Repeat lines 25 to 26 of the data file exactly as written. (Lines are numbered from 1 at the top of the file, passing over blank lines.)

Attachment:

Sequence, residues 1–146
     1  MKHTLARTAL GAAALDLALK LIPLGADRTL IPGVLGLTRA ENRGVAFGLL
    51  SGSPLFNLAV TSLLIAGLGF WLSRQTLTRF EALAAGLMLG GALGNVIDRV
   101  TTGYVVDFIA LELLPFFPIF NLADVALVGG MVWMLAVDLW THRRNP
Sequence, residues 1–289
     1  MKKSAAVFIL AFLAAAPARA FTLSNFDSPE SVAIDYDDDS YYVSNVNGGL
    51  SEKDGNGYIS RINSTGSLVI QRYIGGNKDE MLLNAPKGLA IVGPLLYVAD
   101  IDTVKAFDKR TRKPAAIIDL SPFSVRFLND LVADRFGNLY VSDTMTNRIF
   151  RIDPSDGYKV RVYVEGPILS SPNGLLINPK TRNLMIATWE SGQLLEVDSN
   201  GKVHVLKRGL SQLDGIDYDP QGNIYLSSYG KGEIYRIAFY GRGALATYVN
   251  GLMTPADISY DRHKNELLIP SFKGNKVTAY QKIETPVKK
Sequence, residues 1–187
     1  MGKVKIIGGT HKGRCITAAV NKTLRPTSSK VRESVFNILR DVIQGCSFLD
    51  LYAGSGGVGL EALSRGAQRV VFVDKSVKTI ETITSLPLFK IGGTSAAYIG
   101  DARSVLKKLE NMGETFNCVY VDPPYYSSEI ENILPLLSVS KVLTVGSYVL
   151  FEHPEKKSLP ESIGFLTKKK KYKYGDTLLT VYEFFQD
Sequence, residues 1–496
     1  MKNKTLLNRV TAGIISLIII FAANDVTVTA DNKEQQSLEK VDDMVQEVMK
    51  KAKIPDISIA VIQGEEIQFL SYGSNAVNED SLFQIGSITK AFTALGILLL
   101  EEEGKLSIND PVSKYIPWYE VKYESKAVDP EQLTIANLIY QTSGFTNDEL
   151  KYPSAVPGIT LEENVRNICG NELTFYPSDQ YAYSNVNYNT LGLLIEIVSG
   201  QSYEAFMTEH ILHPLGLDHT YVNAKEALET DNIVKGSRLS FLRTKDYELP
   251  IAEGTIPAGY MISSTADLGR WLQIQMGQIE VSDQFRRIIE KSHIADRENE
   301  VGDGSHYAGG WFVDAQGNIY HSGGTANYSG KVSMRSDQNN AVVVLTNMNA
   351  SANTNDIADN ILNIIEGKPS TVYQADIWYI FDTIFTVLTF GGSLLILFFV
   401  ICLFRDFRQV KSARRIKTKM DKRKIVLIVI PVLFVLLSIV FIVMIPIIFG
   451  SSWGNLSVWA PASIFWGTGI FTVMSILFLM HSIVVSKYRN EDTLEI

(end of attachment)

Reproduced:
   351  SANTNDIADN ILNIIEGKPS TVYQADIWYI FDTIFTVLTF GGSLLILFFV
   401  ICLFRDFRQV KSARRIKTKM DKRKIVLIVI PVLFVLLSIV FIVMIPIIFG